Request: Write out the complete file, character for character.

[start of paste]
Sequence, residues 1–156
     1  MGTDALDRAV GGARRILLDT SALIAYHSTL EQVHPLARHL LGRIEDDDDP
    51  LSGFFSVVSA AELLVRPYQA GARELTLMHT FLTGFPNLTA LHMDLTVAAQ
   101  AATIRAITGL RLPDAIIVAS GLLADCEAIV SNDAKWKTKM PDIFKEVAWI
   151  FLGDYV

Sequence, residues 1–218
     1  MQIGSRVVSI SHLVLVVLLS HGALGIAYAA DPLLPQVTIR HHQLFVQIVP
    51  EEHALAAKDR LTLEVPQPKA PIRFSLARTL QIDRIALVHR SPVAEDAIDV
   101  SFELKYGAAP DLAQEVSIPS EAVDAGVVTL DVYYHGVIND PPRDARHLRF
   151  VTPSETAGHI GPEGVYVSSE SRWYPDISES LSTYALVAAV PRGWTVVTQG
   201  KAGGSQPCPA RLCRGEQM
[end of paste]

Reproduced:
Sequence, residues 1–156
     1  MGTDALDRAV GGARRILLDT SALIAYHSTL EQVHPLARHL LGRIEDDDDP
    51  LSGFFSVVSA AELLVRPYQA GARELTLMHT FLTGFPNLTA LHMDLTVAAQ
   101  AATIRAITGL RLPDAIIVAS GLLADCEAIV SNDAKWKTKM PDIFKEVAWI
   151  FLGDYV

Sequence, residues 1–218
     1  MQIGSRVVSI SHLVLVVLLS HGALGIAYAA DPLLPQVTIR HHQLFVQIVP
    51  EEHALAAKDR LTLEVPQPKA PIRFSLARTL QIDRIALVHR SPVAEDAIDV
   101  SFELKYGAAP DLAQEVSIPS EAVDAGVVTL DVYYHGVIND PPRDARHLRF
   151  VTPSETAGHI GPEGVYVSSE SRWYPDISES LSTYALVAAV PRGWTVVTQG
   201  KAGGSQPCPA RLCRGEQM